Trauma is an emotional response to an event that caused extreme stress, feelings of helplessness, horror, and/or a serious injury or threat of a serious injury. Things like accidents, abuse, sexual assault, and natural disasters can all lead to trauma, as can other experiences that cause intense emotional distress. People who have experienced trauma often feel the effects months and years after the initial incident. You may experience symptoms such as emotional outbursts of anger or sadness, flashbacks, nightmares, anxiety attacks, depression, and even physical symptoms, like headaches or body pain. Experiences of trauma can lead to mental health conditions such as post-traumatic stress disorder (PTSD). About seven percent of adults have experienced PTSD at some point in their lives.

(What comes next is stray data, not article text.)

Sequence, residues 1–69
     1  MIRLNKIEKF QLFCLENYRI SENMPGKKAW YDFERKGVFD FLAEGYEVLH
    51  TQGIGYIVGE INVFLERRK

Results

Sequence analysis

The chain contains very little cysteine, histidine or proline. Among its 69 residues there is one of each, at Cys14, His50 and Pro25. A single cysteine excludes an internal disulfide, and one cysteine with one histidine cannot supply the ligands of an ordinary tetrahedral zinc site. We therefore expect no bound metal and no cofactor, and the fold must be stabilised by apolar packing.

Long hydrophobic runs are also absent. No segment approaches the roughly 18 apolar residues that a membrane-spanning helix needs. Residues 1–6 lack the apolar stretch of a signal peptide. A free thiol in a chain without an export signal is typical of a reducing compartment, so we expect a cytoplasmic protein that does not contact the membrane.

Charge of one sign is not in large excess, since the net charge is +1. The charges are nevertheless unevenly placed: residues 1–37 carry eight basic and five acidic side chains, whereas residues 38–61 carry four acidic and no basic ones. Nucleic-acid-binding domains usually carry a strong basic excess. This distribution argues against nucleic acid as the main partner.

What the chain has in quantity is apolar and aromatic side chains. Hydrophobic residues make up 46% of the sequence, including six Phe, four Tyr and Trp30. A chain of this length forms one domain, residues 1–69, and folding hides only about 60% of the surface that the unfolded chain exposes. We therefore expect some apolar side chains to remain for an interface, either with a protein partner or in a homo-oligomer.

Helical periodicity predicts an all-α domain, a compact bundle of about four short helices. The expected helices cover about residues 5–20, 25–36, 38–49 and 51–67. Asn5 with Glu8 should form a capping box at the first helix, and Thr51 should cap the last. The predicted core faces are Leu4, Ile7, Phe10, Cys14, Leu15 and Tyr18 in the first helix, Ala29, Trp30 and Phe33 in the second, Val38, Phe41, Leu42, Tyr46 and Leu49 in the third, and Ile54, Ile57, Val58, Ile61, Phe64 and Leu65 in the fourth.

Because trauma is so serious, the best way to help deal with the difficult feelings you may be experiencing is to seek help from a licensed mental health counselor who is trained in dealing with trauma. Relying on friends, family, and self-care strategies can all be helpful, but in the long term, it’s unlikely those would be enough to help you heal the underlying trauma.
Research has found that specialized therapies such as cognitive behavioral therapy (CBT) and eye movement desensitization and reprocessing (EMDR) have proven successful in helping people deal with trauma and PTSD. I encourage you to talk to your university counselor and have them refer you to a therapist if there is not someone at the school who is trained in trauma-informed therapy. You can also use the American Psychological Association psychologist locator to find a therapist in your area.
You can learn more about trauma and find helpful resources from the Sidran Institute for traumatic stress education and advocacy.